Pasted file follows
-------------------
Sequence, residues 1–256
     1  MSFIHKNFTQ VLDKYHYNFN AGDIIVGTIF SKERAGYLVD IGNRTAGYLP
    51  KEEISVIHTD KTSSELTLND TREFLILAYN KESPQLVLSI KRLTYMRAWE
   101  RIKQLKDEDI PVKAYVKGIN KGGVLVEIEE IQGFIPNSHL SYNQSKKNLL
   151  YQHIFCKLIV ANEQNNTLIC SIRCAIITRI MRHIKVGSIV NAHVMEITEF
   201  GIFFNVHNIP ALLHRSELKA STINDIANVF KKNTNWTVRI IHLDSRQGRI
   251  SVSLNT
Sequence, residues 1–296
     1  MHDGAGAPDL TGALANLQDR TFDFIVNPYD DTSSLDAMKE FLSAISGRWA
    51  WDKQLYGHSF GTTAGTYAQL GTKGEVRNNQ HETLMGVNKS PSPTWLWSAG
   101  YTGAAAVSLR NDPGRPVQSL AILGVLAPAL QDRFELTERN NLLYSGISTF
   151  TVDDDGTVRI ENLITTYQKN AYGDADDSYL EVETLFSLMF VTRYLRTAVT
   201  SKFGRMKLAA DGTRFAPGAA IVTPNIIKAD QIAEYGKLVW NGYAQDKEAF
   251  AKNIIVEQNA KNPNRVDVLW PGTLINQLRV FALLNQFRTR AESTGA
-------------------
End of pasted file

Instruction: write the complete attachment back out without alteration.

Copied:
Sequence, residues 1–256
     1  MSFIHKNFTQ VLDKYHYNFN AGDIIVGTIF SKERAGYLVD IGNRTAGYLP
    51  KEEISVIHTD KTSSELTLND TREFLILAYN KESPQLVLSI KRLTYMRAWE
   101  RIKQLKDEDI PVKAYVKGIN KGGVLVEIEE IQGFIPNSHL SYNQSKKNLL
   151  YQHIFCKLIV ANEQNNTLIC SIRCAIITRI MRHIKVGSIV NAHVMEITEF
   201  GIFFNVHNIP ALLHRSELKA STINDIANVF KKNTNWTVRI IHLDSRQGRI
   251  SVSLNT
Sequence, residues 1–296
     1  MHDGAGAPDL TGALANLQDR TFDFIVNPYD DTSSLDAMKE FLSAISGRWA
    51  WDKQLYGHSF GTTAGTYAQL GTKGEVRNNQ HETLMGVNKS PSPTWLWSAG
   101  YTGAAAVSLR NDPGRPVQSL AILGVLAPAL QDRFELTERN NLLYSGISTF
   151  TVDDDGTVRI ENLITTYQKN AYGDADDSYL EVETLFSLMF VTRYLRTAVT
   201  SKFGRMKLAA DGTRFAPGAA IVTPNIIKAD QIAEYGKLVW NGYAQDKEAF
   251  AKNIIVEQNA KNPNRVDVLW PGTLINQLRV FALLNQFRTR AESTGA